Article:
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Sacroiliac Joint Pain

Originally Printed in the Vail Daily May 21, 2013

Low back pain is one of the most common reasons for lost days from work (and play). A frequent

source of low back pain is dysfunctional sacroiliac joints. The pelvis is made up of three bones, the sacrum, and two ilia. The joint on the front connecting the two ilia is called the pubic symphysis. The joints that connect the ilia to the sacrum at the back are the sacroiliac (SI) joints. They are unusual joints in the body due to their large size and orientation — completely up and down, and rough, uneven surface. This shape and texture allows for a better fit contributing to increased joint stability.

Sacroiliac Joint Dysfunction

Stability in the pelvis requires more than just good fit and alignment of the joints. Pelvic stability requires form closure, force closure and good motor control. Form closure refers to the stability derived from passive structures, like joint alignment and integrity of the ligaments. Force closure refers to the active components, like muscles and fascia, that help hold the joints together. Many muscles must operate in a coordinated fashion with adequate force to create stability. This is motor control.

SI joints can become dysfunctional and painful for a number of reasons. Trauma can jar the joint, impair its motion or create a slip from its normal alignment. Because the joint space is oriented up and down, forces directed upwards from the ground can create dysfunction. Stepping off a curb unexpectedly with a locked knee or falling directly on one's buttocks (a frequent occurrence in snowboarding), are common mechanisms. Over half of patients with SI dysfunction have a history of some episode of trauma that may have compromised the ligaments, however, relatively minor mechanisms of injury can create problems if joint stability is already compromised. SI problems are common during later stages of pregnancy, mostly due to changes in ligament elasticity. Regardless of how strong or stable the SI joint may be, a sufficient force applied in the right direction can still create problems in even the most robust individuals.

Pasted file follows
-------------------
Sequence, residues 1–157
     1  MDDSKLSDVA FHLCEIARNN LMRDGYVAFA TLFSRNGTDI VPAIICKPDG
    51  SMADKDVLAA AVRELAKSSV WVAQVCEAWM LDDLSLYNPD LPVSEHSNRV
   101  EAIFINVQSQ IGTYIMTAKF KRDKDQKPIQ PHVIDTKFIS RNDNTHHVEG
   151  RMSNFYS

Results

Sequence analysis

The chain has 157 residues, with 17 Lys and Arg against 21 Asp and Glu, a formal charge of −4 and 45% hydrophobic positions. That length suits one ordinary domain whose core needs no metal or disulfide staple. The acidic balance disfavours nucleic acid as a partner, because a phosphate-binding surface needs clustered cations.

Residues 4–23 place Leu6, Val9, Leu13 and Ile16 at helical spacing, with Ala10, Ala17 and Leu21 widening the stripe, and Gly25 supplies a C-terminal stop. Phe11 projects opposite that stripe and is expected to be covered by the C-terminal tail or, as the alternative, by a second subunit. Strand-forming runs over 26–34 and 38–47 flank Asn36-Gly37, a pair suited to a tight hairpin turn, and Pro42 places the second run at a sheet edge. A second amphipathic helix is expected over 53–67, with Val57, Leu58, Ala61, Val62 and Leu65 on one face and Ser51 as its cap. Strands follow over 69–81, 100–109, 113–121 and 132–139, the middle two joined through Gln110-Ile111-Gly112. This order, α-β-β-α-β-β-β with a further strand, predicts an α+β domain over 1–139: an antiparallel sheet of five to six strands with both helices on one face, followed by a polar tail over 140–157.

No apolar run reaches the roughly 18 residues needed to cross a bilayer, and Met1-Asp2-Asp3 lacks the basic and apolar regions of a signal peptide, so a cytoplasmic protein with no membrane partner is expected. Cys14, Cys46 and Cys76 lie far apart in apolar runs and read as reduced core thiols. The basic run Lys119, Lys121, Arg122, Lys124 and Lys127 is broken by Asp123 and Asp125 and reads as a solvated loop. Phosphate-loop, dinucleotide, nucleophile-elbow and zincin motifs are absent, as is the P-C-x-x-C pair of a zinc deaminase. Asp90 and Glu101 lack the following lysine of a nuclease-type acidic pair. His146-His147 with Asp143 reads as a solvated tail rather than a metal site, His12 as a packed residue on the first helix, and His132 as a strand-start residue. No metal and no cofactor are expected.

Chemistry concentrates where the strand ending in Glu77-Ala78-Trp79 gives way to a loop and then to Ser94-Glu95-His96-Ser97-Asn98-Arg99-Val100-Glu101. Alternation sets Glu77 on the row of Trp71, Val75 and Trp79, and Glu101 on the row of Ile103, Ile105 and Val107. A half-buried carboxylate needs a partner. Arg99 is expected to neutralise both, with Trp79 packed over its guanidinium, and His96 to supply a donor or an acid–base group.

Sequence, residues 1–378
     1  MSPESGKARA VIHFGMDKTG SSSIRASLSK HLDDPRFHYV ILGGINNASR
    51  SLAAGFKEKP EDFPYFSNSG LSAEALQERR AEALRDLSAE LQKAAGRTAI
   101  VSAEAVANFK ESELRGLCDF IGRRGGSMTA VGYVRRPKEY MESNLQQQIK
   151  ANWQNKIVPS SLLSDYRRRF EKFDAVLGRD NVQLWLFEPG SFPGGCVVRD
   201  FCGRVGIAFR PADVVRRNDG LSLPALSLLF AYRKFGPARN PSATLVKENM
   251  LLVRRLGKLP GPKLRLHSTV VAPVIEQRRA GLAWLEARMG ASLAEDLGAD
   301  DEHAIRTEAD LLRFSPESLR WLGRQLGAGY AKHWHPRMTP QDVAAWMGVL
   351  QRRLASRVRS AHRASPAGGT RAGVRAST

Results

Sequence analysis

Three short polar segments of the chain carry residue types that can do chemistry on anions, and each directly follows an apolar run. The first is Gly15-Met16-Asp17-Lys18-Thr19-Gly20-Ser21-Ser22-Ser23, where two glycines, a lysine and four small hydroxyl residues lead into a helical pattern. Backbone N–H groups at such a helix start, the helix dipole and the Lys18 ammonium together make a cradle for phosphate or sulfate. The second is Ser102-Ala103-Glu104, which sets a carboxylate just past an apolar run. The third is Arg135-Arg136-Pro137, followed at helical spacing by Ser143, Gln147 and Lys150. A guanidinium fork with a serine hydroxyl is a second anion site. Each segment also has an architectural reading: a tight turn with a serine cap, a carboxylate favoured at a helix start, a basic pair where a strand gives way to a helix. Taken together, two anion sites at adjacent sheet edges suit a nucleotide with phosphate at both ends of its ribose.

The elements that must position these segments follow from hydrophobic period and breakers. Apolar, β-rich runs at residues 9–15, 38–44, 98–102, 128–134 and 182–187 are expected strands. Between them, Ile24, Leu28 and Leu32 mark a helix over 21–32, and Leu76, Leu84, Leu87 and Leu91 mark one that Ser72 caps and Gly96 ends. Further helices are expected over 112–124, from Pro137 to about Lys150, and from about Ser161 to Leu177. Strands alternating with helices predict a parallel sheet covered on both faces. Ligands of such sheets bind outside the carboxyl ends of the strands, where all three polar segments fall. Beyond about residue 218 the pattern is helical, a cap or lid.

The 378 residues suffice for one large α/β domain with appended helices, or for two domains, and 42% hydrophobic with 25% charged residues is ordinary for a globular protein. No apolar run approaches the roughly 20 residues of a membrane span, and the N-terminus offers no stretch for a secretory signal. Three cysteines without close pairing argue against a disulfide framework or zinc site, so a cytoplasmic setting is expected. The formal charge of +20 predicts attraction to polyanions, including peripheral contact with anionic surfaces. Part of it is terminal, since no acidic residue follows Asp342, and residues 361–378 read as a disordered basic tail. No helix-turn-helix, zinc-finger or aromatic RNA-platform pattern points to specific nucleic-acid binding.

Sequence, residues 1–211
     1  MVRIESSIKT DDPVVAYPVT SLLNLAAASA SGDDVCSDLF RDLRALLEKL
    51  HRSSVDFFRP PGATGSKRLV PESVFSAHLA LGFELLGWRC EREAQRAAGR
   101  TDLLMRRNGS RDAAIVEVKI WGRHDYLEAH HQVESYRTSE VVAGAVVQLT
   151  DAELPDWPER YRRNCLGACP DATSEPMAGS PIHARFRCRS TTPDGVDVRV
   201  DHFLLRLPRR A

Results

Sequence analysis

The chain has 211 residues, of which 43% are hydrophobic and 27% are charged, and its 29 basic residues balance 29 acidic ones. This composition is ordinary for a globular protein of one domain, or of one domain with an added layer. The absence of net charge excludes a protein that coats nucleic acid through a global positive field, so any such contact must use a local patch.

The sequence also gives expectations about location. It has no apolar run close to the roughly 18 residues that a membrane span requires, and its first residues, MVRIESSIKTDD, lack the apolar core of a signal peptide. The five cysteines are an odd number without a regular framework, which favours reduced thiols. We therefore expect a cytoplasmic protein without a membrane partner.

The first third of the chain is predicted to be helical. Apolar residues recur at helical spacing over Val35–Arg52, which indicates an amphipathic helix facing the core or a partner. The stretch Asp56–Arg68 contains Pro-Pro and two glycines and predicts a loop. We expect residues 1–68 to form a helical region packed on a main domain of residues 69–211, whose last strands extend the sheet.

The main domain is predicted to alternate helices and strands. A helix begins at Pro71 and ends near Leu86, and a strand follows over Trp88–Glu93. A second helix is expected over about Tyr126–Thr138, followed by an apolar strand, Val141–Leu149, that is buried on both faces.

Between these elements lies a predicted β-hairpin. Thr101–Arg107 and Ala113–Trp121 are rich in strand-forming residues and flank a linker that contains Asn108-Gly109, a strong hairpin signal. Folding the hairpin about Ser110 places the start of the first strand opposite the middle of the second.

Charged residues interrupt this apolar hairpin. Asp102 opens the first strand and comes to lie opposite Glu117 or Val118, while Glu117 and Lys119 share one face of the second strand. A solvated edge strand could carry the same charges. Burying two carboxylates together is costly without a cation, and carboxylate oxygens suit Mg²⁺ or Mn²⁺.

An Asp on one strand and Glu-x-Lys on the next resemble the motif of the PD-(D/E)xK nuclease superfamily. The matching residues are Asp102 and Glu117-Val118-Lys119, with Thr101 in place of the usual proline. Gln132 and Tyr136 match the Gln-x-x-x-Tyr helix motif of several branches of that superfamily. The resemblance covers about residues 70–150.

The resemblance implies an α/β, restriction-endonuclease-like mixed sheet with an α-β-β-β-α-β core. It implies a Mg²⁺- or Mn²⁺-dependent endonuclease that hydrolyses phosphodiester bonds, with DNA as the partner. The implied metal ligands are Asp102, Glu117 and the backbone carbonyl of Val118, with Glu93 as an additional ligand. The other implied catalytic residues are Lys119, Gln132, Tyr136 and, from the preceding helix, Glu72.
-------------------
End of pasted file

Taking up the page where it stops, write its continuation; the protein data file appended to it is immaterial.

X-ray and MRI are rarely helpful in diagnosis of SI problems. Luckily, a good history and evaluation make diagnosis relatively straightforward. Unfortunately, these same mechanisms can also strain muscles or affect the disc, so getting a good evaluation is important. In uncomplicated cases, dysfunction can result in pain immediately over the joint. It will rarely cause symptoms below the knee, but pain referral into the buttocks, hip and groin is common. Sitting or moving from sitting to standing typically aggravates the pain. Walking may decrease symptoms, however if they are severe walking may also increase pain.

Treatment and prevention of SI dysfunction addresses the components of stability. We can restore form closure by assuring good alignment, appropriate mobility of joints and ligament integrity with mobilization or manipulative techniques. It is possible to enhance force closure by activation and strengthening the muscles of the pelvis and core musculature through exercise. Improving motor control can be accomplished with proper transition from isolated exercise to more functional movements. Addressing only one component may offer some relief, but the best long-term results will address all aspects.


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